Russia to raise forecast despite sanctions

Shrugging off the threat of additional Western economic sanctions, Russian officials have indicated the 2014 growth forecast is likely to be doubled.

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“We are moving at a level of about one per cent annual growth in GDP … and are likely to stay there until the end of the year,” senior Kremlin adviser Andrei Belousov was quoted on Wednesday as saying by Russian news agencies.

Russia’s current 2014 growth forecast of 0.5 per cent is set to be updated, and Economy Minister Alexei Ulyukayev said at a separate news conference that at this point “we’re talking about an increase to the forecast”.

Earlier this month, officials said the Russian economy, which was buffeted by market uncertainty surrounding Moscow’s annexation of Crimea and the outbreak of a violent pro-Russian separatist movement in eastern Ukraine, escaped entering a technical recession in the second quarter of this year.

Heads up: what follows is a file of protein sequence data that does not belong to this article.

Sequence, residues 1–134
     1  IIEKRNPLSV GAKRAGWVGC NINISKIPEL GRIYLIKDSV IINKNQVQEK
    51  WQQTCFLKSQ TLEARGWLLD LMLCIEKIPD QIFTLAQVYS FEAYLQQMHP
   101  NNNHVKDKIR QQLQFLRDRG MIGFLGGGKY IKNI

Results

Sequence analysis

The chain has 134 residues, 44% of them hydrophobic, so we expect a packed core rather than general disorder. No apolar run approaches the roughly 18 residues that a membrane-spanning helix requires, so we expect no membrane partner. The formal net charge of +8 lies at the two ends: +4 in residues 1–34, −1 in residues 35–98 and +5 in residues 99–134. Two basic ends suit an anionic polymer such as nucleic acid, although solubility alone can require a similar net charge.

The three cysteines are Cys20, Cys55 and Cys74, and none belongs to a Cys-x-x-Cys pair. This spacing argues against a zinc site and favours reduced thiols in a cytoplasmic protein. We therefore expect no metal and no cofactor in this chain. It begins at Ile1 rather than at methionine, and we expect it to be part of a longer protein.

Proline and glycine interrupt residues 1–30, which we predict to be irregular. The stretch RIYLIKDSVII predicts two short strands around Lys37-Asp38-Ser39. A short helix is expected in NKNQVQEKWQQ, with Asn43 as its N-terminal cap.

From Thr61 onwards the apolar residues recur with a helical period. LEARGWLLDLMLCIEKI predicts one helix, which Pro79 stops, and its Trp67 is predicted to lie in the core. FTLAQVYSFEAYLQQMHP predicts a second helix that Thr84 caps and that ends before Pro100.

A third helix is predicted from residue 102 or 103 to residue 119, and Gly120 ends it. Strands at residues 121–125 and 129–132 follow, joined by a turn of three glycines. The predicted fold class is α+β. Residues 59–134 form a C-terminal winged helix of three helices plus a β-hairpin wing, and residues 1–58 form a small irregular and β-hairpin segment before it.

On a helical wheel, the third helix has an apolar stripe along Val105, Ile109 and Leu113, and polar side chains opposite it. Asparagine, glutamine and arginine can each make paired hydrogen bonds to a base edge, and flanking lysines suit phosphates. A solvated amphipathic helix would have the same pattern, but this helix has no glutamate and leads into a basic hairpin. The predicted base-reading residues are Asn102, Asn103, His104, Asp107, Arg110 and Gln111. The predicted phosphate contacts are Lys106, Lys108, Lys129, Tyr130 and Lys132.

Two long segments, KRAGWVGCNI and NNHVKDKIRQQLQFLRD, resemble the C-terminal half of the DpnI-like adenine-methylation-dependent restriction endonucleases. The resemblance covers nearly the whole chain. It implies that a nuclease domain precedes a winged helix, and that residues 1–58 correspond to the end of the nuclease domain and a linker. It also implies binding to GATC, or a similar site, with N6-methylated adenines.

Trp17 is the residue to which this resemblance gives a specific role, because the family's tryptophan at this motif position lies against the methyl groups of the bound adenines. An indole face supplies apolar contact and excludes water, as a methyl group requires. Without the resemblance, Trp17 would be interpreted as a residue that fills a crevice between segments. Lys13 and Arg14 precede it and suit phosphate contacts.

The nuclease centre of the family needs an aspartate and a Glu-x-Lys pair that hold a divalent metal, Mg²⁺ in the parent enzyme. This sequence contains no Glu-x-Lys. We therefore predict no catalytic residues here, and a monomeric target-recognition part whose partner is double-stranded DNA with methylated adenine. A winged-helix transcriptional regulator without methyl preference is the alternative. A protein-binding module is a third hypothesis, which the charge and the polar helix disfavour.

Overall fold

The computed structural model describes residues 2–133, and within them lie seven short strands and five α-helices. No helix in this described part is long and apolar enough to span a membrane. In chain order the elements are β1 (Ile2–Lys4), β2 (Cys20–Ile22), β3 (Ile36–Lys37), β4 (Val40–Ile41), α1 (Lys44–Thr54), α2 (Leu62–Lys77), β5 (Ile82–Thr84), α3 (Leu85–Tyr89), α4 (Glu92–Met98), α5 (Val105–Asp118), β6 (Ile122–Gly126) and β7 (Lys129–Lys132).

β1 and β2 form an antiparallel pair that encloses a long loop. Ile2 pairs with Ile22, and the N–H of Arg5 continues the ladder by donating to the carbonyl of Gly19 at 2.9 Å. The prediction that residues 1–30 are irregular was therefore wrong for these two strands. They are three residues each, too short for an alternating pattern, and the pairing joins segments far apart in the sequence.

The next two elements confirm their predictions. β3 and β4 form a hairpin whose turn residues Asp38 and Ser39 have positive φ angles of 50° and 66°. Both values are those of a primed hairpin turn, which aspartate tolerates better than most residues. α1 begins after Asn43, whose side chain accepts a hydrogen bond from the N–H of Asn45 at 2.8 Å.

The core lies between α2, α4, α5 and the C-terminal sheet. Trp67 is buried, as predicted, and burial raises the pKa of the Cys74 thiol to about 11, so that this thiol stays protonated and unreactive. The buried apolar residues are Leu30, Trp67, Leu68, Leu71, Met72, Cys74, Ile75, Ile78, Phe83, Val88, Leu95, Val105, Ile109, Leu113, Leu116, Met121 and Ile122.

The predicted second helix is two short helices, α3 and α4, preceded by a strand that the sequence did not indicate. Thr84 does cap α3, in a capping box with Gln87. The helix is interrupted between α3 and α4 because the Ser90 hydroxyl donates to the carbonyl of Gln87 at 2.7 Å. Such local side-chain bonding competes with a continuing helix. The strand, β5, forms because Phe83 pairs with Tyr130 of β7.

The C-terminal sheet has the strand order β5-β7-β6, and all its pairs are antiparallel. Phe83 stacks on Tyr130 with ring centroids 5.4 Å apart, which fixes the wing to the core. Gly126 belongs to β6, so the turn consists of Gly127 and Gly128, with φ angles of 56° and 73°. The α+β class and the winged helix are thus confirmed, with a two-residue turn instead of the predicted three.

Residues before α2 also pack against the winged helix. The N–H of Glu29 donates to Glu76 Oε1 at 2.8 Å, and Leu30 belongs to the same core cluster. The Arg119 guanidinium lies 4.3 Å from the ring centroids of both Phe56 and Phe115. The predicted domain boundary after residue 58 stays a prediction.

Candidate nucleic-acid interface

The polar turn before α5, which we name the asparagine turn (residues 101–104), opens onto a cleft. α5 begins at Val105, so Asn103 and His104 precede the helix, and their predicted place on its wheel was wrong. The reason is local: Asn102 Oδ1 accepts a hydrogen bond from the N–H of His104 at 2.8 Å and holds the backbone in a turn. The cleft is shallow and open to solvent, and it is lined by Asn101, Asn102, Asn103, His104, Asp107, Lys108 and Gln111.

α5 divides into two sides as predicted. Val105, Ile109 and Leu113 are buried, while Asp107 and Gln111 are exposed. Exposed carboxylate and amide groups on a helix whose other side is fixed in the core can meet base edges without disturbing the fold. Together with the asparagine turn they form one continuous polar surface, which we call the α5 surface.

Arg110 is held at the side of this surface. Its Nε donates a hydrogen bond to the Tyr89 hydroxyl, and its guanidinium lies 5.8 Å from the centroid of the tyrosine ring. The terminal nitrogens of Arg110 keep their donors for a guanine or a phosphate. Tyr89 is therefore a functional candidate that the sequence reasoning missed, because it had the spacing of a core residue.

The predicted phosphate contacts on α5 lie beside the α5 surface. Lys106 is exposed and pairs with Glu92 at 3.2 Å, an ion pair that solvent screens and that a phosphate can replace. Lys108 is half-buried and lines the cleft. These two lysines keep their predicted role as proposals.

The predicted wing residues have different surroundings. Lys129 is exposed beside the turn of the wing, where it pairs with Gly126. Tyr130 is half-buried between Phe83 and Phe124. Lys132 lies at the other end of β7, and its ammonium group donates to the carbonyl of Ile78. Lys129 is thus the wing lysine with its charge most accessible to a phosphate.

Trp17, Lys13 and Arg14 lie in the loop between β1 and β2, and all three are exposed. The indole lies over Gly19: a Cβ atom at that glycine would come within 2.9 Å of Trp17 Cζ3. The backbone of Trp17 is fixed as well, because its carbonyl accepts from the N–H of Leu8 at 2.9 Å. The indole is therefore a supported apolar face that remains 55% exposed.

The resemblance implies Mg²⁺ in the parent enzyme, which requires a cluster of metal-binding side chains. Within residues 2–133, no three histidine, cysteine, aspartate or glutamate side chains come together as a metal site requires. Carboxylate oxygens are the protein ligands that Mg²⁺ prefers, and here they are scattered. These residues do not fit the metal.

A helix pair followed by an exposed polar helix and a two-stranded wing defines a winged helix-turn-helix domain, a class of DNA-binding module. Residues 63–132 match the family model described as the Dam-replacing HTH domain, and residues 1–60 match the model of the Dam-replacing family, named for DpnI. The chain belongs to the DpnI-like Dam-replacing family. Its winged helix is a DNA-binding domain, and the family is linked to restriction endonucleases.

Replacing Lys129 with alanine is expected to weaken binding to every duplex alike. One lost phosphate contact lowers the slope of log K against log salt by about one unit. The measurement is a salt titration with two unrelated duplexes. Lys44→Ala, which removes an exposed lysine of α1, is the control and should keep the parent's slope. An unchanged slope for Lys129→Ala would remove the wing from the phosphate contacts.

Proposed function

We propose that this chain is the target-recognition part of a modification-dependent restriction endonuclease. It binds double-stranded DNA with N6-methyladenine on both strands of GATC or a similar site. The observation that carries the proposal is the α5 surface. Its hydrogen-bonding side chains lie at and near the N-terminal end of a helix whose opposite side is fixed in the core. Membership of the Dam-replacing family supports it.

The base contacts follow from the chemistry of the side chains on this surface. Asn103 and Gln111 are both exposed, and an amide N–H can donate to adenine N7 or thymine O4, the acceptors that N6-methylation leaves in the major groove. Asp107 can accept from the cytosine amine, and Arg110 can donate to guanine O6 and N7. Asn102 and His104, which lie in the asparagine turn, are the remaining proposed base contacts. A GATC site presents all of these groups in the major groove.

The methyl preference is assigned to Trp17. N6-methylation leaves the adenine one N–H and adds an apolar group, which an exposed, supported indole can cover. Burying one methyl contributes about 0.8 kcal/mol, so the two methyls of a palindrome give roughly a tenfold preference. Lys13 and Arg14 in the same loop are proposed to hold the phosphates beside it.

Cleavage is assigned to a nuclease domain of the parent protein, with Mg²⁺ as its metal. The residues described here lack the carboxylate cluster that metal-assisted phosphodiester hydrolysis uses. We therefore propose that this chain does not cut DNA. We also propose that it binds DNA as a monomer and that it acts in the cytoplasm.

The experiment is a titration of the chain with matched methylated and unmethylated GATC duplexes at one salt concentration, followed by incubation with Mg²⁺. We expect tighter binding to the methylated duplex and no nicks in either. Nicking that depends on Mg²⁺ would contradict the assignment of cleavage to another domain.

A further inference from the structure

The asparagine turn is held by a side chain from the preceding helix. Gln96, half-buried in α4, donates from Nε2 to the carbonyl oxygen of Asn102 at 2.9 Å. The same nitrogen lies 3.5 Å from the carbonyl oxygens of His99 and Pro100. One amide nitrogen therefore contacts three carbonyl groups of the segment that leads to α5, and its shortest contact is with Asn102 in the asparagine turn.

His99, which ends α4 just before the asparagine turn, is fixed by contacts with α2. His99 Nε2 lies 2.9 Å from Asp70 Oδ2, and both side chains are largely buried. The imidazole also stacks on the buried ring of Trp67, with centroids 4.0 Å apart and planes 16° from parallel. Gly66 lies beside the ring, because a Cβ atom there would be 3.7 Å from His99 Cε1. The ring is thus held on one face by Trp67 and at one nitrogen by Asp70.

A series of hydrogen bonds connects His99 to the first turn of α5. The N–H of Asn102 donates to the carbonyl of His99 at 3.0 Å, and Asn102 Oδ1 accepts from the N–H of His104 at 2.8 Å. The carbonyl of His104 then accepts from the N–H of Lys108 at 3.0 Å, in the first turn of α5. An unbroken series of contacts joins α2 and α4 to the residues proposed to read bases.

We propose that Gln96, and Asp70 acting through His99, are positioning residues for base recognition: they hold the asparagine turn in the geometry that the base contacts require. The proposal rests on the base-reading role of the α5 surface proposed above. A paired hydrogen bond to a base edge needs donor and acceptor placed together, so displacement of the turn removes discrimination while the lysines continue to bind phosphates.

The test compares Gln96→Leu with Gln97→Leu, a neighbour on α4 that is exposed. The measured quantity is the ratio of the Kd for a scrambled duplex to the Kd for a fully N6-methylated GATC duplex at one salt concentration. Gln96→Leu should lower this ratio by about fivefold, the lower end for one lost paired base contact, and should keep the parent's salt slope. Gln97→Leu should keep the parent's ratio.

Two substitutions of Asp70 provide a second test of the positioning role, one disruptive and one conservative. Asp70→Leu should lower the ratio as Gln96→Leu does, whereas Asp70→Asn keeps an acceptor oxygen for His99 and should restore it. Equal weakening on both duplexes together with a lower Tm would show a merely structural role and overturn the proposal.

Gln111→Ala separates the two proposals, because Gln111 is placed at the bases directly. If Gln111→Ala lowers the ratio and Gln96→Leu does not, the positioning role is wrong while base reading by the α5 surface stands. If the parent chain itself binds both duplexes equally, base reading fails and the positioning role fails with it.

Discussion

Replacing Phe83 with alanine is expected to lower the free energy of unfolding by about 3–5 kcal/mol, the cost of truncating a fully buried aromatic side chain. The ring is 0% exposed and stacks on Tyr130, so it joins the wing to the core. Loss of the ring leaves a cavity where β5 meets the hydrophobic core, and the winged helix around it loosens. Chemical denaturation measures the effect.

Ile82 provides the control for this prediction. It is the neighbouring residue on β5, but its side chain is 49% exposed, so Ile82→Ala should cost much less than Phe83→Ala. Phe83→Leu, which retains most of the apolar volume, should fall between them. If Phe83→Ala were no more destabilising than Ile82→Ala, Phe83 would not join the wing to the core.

Officials said they expected data to show the Russian economy remained flat in April through June, after having contracted by 0.3 per cent in the first quarter.

The European Union and United States imposed in April only limited sanctions on Russia that target individuals and businesses.

This hit sentiment and sparked massive capital flight, which then prompted the government to lower the growth forecast after the Russian economy recorded 1.3 per cent growth last year.

However, the tensions calmed and recent industrial production data has been encouraging.

“The current sanctions will not have a macroeconomic effect, it is a problem for specific companies,” said Belousov.

But both the European Union and the United States are moving towards imposing sanctions on entire economic sectors, which some analysts see as likely by September unless the Ukraine crisis is resolved.

Analysts at London-based Capital Economics warned that the widespread presumption that Russia will prove resilient in the face of any additional sanctions could prove complacent.

“Even if the direct impact of sanctions is limited, the indirect impact can be significant,” Chief Emerging Markets Economist Neil Shearing said in a recent research note, adding the sanctions could spark another increase in the flow out of the country and deter a rise in both foreign and domestic investment.